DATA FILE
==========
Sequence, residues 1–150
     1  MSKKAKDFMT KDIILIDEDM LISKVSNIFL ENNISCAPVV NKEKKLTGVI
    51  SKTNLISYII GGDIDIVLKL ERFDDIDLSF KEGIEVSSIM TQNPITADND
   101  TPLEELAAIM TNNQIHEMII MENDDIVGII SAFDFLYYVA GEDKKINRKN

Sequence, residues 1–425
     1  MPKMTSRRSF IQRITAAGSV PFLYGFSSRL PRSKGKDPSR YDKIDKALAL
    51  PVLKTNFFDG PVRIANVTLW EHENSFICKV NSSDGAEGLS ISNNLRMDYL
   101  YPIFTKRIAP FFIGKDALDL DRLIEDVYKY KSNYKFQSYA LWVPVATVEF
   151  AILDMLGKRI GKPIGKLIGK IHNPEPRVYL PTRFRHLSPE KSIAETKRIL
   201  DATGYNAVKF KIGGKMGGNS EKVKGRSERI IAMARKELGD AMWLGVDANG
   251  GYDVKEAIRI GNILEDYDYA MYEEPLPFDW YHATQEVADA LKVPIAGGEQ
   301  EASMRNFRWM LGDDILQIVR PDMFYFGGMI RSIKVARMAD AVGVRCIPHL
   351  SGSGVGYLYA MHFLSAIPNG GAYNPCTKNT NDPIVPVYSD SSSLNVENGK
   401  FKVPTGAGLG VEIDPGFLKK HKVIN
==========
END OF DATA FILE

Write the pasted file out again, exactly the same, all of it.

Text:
Sequence, residues 1–150
     1  MSKKAKDFMT KDIILIDEDM LISKVSNIFL ENNISCAPVV NKEKKLTGVI
    51  SKTNLISYII GGDIDIVLKL ERFDDIDLSF KEGIEVSSIM TQNPITADND
   101  TPLEELAAIM TNNQIHEMII MENDDIVGII SAFDFLYYVA GEDKKINRKN

Sequence, residues 1–425
     1  MPKMTSRRSF IQRITAAGSV PFLYGFSSRL PRSKGKDPSR YDKIDKALAL
    51  PVLKTNFFDG PVRIANVTLW EHENSFICKV NSSDGAEGLS ISNNLRMDYL
   101  YPIFTKRIAP FFIGKDALDL DRLIEDVYKY KSNYKFQSYA LWVPVATVEF
   151  AILDMLGKRI GKPIGKLIGK IHNPEPRVYL PTRFRHLSPE KSIAETKRIL
   201  DATGYNAVKF KIGGKMGGNS EKVKGRSERI IAMARKELGD AMWLGVDANG
   251  GYDVKEAIRI GNILEDYDYA MYEEPLPFDW YHATQEVADA LKVPIAGGEQ
   301  EASMRNFRWM LGDDILQIVR PDMFYFGGMI RSIKVARMAD AVGVRCIPHL
   351  SGSGVGYLYA MHFLSAIPNG GAYNPCTKNT NDPIVPVYSD SSSLNVENGK
   401  FKVPTGAGLG VEIDPGFLKK HKVIN